The boom in demand for cosmetic surgery has created a new kind of infidelity — one that has nothing to do with spousal cheating.
Detroit plastic surgeon Anthony Youn, M.D., discussed the phenomenon on CNN.com, one of several media outlets to which he contributes as a commentator on topics related to cosmetic surgery.
“As the number of people having plastic surgery rises,” he writes, “more and more feel the need to hide their procedures from their significant others.”
Dr. Youn surveyed his cosmetic patients and found that a third of them don’t tell their significant others about their treatments — hard as that might be to believe.
”While surgery can be difficult to hide, especially large operations with dramatic changes such as tummy tucks and face-lifts, less-invasive procedures such as Botox and filler injections aren’t as hard to conceal,” he explains.
Dr. Youn says patients want to hide how much they're spending. Some patients pay with cash, others pay half in cash and half in credit.
“Many of my patients have a certain threshold that they can spend on their credit card before their partner notices the individual charge,” he writes. “This amount usually ranges between $100 and $400. Often the patient will spend up to that amount on a credit card, then pay the rest in cash. Other patients spread small amounts over several credit cards.”
Some patients go to the extent of getting their procedures done while their partner is out of town.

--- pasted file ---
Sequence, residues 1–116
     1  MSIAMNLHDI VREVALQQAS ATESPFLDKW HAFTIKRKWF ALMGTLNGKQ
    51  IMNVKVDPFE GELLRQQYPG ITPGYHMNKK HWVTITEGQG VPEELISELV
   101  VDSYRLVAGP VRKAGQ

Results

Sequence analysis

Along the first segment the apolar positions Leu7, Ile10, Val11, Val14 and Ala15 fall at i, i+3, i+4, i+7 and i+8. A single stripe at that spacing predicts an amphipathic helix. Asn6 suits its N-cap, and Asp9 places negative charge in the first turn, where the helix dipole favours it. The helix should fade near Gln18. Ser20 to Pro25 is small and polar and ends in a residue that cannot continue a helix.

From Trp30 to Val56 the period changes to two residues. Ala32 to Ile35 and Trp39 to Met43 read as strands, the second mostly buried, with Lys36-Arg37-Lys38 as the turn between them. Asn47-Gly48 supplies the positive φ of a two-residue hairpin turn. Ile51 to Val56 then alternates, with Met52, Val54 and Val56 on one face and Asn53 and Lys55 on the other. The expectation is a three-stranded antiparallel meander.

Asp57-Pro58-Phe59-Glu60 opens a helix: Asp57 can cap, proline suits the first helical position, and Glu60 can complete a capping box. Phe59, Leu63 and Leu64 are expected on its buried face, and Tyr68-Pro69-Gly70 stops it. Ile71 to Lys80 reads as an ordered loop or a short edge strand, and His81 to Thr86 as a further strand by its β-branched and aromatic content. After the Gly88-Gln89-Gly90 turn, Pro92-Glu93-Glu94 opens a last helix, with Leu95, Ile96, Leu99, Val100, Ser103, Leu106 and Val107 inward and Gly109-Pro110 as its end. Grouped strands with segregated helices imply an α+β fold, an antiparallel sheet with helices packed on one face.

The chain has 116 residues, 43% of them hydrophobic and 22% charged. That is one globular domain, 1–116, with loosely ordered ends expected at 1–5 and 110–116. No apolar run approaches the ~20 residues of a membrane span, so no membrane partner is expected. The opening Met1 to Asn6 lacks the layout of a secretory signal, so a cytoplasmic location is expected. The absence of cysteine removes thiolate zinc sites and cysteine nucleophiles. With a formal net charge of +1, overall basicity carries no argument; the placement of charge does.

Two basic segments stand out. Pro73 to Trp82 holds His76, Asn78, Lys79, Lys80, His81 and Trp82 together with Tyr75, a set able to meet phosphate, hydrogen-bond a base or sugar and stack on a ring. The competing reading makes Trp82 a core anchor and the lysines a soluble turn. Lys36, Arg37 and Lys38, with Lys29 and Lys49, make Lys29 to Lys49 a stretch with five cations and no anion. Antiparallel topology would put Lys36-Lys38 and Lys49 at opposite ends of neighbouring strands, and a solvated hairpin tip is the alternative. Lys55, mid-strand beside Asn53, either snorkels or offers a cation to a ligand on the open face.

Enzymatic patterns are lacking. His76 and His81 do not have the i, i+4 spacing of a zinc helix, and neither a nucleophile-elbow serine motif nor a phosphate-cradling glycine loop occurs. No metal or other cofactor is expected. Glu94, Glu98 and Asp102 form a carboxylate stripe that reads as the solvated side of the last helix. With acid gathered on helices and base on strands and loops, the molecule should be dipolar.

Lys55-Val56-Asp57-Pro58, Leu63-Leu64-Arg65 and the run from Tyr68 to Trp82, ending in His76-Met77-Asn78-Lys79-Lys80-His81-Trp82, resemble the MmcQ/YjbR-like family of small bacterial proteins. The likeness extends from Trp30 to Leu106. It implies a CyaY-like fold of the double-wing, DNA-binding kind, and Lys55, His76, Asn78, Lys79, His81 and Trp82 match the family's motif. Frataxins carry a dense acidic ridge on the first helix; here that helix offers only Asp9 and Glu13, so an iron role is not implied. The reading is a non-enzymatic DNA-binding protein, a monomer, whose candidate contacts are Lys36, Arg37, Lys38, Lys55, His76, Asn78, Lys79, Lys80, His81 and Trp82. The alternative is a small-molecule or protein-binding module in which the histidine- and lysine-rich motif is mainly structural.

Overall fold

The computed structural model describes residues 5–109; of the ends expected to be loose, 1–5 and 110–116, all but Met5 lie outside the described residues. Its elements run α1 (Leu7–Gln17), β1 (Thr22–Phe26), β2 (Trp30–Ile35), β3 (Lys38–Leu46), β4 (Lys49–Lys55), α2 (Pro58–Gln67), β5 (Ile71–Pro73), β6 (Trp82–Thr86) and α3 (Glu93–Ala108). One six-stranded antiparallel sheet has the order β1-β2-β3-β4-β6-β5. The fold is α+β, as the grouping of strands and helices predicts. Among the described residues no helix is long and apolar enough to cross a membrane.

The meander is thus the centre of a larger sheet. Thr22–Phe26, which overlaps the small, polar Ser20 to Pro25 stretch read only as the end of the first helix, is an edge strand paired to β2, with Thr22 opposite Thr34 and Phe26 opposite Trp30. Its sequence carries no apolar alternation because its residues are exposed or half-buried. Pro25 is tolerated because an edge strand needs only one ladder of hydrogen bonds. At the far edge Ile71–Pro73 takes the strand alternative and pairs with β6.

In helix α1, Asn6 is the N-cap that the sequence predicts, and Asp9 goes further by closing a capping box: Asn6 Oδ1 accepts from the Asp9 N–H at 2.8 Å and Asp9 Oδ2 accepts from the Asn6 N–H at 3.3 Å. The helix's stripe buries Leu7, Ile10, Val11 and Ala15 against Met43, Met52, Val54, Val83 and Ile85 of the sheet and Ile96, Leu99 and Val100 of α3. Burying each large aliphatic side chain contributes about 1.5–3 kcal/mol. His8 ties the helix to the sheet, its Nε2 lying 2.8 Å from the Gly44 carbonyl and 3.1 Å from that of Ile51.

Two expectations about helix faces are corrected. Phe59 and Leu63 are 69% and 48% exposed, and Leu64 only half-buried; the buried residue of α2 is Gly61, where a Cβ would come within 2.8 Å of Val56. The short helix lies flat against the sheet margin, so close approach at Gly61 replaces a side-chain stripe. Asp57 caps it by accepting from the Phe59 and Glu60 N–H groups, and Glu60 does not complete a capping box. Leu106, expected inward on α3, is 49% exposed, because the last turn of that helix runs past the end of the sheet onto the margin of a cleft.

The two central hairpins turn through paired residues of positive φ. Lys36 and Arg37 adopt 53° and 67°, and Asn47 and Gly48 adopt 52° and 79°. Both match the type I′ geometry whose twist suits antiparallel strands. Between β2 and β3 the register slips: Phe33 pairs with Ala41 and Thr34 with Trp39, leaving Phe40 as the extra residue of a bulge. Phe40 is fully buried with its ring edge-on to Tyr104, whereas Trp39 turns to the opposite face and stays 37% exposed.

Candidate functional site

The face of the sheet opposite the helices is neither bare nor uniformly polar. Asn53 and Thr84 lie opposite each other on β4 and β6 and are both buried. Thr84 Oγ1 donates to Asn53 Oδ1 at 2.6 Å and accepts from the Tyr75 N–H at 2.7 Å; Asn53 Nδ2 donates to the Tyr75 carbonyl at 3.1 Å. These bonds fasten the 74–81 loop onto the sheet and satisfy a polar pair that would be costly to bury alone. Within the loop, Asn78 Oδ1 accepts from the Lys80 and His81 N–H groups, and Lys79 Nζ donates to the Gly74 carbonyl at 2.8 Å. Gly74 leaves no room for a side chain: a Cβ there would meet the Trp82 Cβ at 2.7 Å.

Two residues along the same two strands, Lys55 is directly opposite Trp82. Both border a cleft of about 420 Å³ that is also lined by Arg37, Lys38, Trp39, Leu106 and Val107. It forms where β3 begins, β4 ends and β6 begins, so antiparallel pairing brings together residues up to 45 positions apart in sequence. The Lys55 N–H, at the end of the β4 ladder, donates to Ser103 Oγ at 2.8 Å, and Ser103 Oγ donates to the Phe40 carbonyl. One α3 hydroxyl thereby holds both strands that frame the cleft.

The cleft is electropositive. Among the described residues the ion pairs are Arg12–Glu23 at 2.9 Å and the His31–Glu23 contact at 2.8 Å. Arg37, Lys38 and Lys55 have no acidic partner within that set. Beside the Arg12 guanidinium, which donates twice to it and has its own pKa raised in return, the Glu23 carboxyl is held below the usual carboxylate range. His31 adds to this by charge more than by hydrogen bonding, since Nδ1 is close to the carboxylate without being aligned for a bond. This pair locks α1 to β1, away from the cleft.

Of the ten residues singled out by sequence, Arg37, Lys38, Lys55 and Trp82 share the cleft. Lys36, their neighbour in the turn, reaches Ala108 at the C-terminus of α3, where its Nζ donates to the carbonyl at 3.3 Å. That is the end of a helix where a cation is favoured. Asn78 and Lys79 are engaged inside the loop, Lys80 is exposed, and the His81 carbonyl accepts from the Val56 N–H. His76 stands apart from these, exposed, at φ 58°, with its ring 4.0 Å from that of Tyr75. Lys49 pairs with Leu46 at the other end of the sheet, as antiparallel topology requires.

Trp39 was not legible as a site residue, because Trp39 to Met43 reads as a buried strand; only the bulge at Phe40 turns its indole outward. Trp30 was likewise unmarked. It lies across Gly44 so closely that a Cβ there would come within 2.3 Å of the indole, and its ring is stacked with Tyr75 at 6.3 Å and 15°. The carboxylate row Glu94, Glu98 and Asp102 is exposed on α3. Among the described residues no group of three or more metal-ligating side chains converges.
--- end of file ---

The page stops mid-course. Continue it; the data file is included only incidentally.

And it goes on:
“They use this alone time to recover, so that when their spouses return, they’re none the wiser,” Dr. Youn writes, adding that for less involved procedures such as lasers and injections, they’ll have the procedures performed on days when their partners have plans for after work. By the time they see each other, no trace of the procedure is apparent.
Women appear to have an edge over men when it comes to keeping their cosmetic procedures a secret.
“Men are notoriously bad at noticing changes in their spouses,” according to Dr. Youn. “In fact, a 2004 study in the Personality and Social Psychology Bulletin found that women are much better than men at remembering appearances.”
A case in point is a patient of Dr. Youn’s who’d undergone four facial procedures five days before her husband was to return from a trip.
“She stopped by the office to see me several hours before her husband was to return home,” Dr. Youn writes. “Her eyes looked like she went 10 rounds with Mike Tyson, her neck was taut as a pair of Spanx, and her lips resembled two Vienna sausages. ‘Give it another week or two and you'll look fantastic,’ I told her. ‘However, I’m not sure your plan to hide your plastic surgery from your husband is going to work.’ ”
“‘Dr. Youn,’ she deadpanned, ‘You don't know my husband.’”
According to Dr. Youn, the husband never found out.